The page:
Montana Public Radio

Rachel Cramer

Reporter

Rachel Cramer is a reporter for Yellowstone Public Radio

The Montana House voted along party lines to advance a measure seeking to let voters to define a "person" as a fertilized egg at the moment of conception.

The Montana Senate has mustered the minimum number of votes it needed to pass its version of a massive infrastructure package.

Montana residents who signed contracts agreeing to accept $1,000 in exchange for not suing the Atlantic Richfield Co. over future mine waste cleanup in Opportunity will have the chance to reconsider.

While a fly-fishing tour-operator might know the best place to catch the big fish, they may get a little lost in the complexities of digital marketing. That’s where a new software company based out of Missoula aims to provide guidance, helping tour-operators and guides find new clients they need to grow their businesses.

Rob Quist, Democratic candidate for U.S. House speaks during a campaign rally in Missoula on March 22, 2017.
Josh Burnham

About 150 people came to a campaign event in Missoula today for U.S. House Candidate Rob Quist. The Democrat called it a "rally for public lands."

Quist addressed the crowd on a warm, sunny afternoon, wearing his usual cowboy hat:

Researchers working at Sapphire Ranch near Lolo, MT, are trying to find out how deforestation affects bird alarm calls, February 25, 2017.
Rachel Cramer

In recent years, biologists have learned that birds use a variety of signals to communicate life-saving information about predators. Researchers from the University of Montana are trying to find out how development affects these signals and what this could mean for bird populations.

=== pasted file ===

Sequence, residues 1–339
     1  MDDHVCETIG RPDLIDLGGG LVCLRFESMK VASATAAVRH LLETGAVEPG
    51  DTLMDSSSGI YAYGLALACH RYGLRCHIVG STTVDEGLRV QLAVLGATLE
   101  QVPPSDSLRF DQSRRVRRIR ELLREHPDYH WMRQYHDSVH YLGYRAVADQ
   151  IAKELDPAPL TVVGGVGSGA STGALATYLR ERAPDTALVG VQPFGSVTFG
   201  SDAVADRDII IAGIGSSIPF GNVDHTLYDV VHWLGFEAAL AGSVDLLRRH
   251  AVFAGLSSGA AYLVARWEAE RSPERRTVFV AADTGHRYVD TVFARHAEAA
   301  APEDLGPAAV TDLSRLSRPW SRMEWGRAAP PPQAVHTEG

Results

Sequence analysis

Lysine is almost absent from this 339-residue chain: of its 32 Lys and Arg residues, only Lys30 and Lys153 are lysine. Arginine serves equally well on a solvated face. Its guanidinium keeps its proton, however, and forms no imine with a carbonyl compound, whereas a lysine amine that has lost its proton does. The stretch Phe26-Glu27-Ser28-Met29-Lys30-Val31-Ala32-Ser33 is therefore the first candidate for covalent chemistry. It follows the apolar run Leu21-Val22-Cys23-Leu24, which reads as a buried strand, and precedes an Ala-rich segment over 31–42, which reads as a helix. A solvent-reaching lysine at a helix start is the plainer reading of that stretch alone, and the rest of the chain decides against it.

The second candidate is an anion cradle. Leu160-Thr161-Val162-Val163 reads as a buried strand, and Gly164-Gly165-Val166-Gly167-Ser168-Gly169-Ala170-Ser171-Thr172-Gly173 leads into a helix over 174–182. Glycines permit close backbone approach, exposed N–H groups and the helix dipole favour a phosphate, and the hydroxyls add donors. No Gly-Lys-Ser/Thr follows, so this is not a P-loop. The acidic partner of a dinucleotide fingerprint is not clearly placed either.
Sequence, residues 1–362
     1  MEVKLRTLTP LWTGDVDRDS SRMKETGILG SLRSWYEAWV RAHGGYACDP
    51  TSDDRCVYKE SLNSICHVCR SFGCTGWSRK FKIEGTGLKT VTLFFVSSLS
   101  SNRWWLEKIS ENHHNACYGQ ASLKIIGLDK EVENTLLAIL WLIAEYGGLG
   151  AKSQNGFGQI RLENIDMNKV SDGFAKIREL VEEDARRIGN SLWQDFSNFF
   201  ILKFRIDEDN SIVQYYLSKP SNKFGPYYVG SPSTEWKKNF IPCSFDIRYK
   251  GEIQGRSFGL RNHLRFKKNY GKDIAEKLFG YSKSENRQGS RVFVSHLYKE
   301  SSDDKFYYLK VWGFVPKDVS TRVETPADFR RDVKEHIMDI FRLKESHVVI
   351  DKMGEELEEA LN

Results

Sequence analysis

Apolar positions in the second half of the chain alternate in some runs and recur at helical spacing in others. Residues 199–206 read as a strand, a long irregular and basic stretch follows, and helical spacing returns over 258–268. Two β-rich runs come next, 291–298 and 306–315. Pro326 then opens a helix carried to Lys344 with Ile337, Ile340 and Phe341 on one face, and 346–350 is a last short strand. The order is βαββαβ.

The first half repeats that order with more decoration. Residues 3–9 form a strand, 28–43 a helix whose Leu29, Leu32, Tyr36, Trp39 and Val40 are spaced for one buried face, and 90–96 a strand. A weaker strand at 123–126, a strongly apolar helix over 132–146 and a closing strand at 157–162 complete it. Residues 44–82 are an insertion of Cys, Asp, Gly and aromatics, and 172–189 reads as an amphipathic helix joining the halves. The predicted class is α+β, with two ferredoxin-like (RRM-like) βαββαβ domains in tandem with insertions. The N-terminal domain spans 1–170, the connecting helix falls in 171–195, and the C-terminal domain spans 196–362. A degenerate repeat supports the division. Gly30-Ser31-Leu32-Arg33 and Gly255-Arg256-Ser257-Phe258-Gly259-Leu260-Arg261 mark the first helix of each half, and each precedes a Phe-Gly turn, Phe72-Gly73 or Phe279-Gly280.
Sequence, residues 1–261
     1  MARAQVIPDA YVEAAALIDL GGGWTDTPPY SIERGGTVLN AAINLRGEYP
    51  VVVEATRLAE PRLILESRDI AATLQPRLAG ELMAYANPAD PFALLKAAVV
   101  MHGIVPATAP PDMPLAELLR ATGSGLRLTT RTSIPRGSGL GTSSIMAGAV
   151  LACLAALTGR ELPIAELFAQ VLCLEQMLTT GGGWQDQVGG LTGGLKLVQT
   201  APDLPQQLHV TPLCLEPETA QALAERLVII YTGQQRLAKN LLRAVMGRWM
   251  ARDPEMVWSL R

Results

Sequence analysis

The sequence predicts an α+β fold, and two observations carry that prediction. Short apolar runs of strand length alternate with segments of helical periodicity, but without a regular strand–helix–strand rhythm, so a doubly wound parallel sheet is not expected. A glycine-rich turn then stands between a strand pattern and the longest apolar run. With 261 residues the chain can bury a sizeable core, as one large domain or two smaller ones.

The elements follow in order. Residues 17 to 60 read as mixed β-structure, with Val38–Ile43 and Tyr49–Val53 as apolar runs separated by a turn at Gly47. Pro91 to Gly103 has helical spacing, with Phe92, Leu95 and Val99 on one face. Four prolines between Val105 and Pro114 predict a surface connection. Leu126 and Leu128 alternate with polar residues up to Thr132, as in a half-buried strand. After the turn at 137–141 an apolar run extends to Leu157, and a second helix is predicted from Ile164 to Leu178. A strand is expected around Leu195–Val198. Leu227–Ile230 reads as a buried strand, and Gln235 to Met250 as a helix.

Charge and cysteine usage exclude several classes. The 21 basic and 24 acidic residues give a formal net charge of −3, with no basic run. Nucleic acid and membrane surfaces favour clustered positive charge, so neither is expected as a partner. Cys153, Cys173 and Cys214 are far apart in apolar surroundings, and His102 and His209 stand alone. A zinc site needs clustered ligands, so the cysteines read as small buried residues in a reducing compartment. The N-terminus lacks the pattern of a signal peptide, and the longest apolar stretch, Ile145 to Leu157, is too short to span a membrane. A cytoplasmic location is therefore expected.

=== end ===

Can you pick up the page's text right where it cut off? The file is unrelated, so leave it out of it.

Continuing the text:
Ryan Zinke's confirmation as secretary of the Interior spurred into motion a 10-day political tournament between more than a dozen candidates hoping to fill his now vacant U.S. House seat.
whitehouse.gov

Montana’s political parties are getting ready for a sprint race to fill the seat of former Congressman Ryan Zinke. Zinke was confirmed as secretary of the Interior Department for the Trump administration this morning. Shortly after, Zinke released a letter resigning as Montana's lone voice in the U.S. House.

Purple tea at Lake Missoula Tea Company in Missoula, MT.
Rachel Cramer

In the world of tea, a new variety is on the cusp of becoming the next big craze. It’s praised for its health benefits — high levels of cancer-fighting antioxidants exceeding even those found from drinking green tea — and its resistance to climate change in Kenya where it was developed. It came onto the market about five years ago, and at the moment, Lake Missoula Tea Company in Missoula, Montana, is one of the only distributors in North America. It's called purple tea, and it might just save Kenya's struggling tea industry.

A bird's eye view of the southern reaches of the Bob Marshall Wilderness.
Josh Burnham / Montana Public Radio

At a ranch near Seeley Lake Wednesday, U.S. Senator Jon Tester announced he is introducing the Blackfoot Clearwater Stewardship Act. The bill would protect nearly 80,000 acres of wilderness and develop a comprehensive trail plan to provide recreationists with access to the Lolo National Forest. This would include opening some areas to snowmobiling and protecting access for mountain biking.

State Senator Scott Sales (R).
Michael Wright

Senate President Scott Sales withdrew his bid today for Congressman Ryan Zinke’s soon-to-be vacant seat.

Starting Monday night, a weather system will bring periods of moderate to heavy snow across western Montana and central Idaho.
National Weather Service

The National Weather Service has issued a winter storm warning for the Missoula and Bitterroot valleys, as well as the Seeley-Swan and Lower Clark Fork regions beginning at 11:00 p.m. tonight.

Two volunteers at Our Savior’s Lutheran Church in Bonner, Montana roll out lefse dough.
Rachel Cramer

Food can be a powerful connection to the people and places of our past, and help define who we are today. We may not dress like our ancestors or speak the same language, but some food traditions remain strong, especially around the holidays. But why is this?

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